First released in hardcover back in 2012, we are using the occasion of a paperback edition to bring attention to John McCusker’s exciting biography of Edward “Kid” Ory. In under 200 pages it follows Ory through several rural Louisiana locales into New Orleans, then off to the West Coast in 1919, and later to Chicago where in several years as a sideman he would be part of the most seminal recordings in jazz.
McCusker is a reporter and he brings a reporters mindset to the story. After years of investigation, he has the good sense to avoid including every little thing and instead spins a nuts and bolts tale you will remember. He drops you into the 1890s rural plantation life of Ory’s youth and the teeming streets of turn of the century New Orleans. The days before TV and AC when public parks bubbled with live entertainments.
Ory’s tale begins with him and a musically ambitious group of teenagers making their own instruments and playing wherever they could. This band of friends gradually improves until they can acquire ready-made instruments. Ory starts with banjo and eventually settles in on trombone as the hot music around him shifts from strings to brass. On trips to New Orleans, he watches idol Buddy Bolden and other early hot bands play around town. When his own band is ready they move into the city playing everywhere from brothels to society balls.
Despite being full of detailed information the book reads like a fairytale. As a teenager Ory buys a lot by saving his plantation wages and then builds a house on it with timber fronted by his next employer at a mill. In another entrepreneurial flourish, he begins to rent out dance halls for his band in the 1910s and he claims to have rented neighboring halls as well- to keep empty for the night so they wouldn’t have competition. Despite these early ventures, and his being a bandleader for most of his life, he misses a major windfall. He doesn’t begin to collect the royalties for “Muskrat Ramble” until the 1940s when his oversight is brought to his attention by a friend.
The use of Ory’s own narratives from his unfinished autobiography, and as he told them to others, gives events a polish that might be doubtful in some particulars but does convey his story. Where recollections are easily contradicted McCusker politely corrects the record. His approachable writing makes this an easy biography to read while also being a fascinating glimpse at the several cities that mark the timeline of Ory’s early career.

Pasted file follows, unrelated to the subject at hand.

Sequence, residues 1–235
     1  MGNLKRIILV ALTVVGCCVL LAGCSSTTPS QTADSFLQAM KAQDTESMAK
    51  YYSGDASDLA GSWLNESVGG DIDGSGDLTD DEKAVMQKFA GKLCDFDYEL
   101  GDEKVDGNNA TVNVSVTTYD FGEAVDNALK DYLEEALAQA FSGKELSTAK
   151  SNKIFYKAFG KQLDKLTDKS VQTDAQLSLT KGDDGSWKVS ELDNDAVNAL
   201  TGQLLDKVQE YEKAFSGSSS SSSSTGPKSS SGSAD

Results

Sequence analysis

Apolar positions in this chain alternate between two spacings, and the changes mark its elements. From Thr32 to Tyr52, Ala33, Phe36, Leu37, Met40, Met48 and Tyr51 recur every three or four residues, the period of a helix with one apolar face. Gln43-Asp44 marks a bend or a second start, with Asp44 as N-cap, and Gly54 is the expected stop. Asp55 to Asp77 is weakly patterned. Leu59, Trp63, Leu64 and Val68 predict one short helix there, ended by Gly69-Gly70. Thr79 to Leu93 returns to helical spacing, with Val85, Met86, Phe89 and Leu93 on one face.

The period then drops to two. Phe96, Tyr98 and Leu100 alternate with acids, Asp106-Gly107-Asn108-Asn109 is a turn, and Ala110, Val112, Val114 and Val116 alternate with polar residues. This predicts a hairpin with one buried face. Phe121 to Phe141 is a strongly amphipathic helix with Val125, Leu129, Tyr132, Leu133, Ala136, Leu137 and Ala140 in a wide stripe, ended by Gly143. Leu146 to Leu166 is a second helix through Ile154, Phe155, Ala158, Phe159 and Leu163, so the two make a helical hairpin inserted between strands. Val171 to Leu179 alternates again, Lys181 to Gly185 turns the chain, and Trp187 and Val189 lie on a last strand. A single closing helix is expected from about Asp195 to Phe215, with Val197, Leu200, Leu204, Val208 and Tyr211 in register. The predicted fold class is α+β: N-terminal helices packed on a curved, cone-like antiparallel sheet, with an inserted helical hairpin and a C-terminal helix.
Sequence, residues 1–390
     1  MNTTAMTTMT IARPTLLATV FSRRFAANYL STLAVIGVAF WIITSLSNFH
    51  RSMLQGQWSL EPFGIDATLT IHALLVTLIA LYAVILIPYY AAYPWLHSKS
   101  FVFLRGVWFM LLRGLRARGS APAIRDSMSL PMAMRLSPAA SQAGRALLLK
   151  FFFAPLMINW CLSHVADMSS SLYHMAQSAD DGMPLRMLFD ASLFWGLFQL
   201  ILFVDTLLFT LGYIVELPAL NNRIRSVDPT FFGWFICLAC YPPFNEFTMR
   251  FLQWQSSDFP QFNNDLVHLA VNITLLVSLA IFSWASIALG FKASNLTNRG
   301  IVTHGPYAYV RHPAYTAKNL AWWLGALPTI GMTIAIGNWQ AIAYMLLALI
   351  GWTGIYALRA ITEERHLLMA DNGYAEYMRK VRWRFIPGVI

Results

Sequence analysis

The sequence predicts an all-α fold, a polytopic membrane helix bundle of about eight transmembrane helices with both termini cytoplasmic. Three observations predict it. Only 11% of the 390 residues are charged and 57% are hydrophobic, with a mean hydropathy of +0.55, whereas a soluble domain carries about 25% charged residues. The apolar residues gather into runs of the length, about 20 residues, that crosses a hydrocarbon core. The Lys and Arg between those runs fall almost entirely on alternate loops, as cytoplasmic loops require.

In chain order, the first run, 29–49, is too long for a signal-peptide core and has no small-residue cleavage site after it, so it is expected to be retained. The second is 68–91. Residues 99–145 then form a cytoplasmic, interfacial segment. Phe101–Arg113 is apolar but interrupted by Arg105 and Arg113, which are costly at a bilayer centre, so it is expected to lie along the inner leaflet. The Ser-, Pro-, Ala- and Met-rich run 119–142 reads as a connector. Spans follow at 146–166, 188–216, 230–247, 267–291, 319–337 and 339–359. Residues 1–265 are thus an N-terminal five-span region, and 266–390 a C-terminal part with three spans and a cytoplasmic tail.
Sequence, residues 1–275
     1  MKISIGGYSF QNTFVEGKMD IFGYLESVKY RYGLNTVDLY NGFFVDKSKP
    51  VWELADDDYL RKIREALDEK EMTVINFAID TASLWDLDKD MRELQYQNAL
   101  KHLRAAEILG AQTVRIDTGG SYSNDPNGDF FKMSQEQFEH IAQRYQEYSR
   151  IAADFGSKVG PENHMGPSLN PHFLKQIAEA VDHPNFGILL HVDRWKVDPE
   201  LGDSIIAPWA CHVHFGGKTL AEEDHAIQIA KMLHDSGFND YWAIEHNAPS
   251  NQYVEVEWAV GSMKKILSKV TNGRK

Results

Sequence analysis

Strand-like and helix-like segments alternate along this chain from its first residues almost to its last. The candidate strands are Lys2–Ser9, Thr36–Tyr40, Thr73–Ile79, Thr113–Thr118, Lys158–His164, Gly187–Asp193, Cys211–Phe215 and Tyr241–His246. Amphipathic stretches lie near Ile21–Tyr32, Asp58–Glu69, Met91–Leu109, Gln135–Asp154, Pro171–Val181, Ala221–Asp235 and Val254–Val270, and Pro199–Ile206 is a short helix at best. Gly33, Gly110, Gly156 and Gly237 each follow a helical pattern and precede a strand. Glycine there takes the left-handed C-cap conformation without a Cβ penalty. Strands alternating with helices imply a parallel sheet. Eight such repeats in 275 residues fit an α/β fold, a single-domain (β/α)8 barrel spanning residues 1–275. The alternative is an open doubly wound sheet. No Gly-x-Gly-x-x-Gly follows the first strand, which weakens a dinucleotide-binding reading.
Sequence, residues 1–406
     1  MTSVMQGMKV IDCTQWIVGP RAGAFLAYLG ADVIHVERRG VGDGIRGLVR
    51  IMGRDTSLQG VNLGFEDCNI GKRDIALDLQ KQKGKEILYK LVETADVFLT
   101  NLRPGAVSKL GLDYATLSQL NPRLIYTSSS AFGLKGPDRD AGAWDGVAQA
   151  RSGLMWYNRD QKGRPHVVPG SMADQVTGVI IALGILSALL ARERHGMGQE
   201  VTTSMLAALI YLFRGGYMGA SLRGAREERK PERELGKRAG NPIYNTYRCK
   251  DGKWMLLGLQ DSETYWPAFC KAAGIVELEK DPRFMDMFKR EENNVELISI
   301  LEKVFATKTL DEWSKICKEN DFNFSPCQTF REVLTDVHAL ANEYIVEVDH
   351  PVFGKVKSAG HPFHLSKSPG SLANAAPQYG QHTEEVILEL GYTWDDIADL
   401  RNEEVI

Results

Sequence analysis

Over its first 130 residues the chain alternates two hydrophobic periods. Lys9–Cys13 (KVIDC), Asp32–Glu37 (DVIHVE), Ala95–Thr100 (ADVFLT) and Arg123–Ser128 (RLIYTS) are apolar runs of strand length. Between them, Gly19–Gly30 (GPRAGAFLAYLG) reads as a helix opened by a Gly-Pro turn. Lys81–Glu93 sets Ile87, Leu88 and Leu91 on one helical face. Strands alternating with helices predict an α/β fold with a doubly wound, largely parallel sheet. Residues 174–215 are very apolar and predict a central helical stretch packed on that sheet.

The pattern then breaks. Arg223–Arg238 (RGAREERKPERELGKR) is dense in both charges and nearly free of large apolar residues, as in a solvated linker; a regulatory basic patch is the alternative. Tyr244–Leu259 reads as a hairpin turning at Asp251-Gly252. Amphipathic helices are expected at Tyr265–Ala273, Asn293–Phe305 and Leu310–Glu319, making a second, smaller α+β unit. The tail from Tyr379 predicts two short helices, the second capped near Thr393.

This book should be assigned reading for high school courses. Ory’s personal story is also the story of the early history of jazz. He was truly there from the dawn- crossing paths with Buddy Bolden, naming “King” Oliver, giving Louis Armstrong some of his first gigs, and recording the first jazz records made by a “Colored Band”. From the far perspective of Los Angeles and Oakland, after his move in 1919, it becomes easier to see how jazz was shaping the musical landscape in those earliest years. It is truly astounding to read the lineups of these early bands, men who nearly all would go on to become legends.
Once he reaches Chicago the book turns to the recordings of Kid Ory as a sideman. The great Louis Armstrong’s Hot Five sessions, particularly those cuts on which Ory shines, are discussed, as well as his work with Jelly Roll Morten, King Oliver, and others. This is his true importance musically and McCusker attempts to describe why in non-technical terms. He defends Ory against those who compare him to the wizardry of later soloists and find him lacking. Ory was at heart an ensemble player and even in the late 20s a bit of a throwback. For that reason, we are fortunate to have him on so many records, a glimpse at the pre-recording style of New Orleans trombone.
Ory’s unpublished autobiography cuts out in 1933 when Ory leaves music for a period and works as a janitor in the offices of the Santa Fe Railroad. This biography told, “in his voice”, also leaves things off there. The last 40 years of his life, including a second successful music career in the revival period, are given only five pages. But that period is covered in the guided discography included in the appendices, which also include unpublished compositions and two short excerpts from his autobiography.
If you want an easy way to catch up on the early years of jazz you could do no better than Creole Trombone.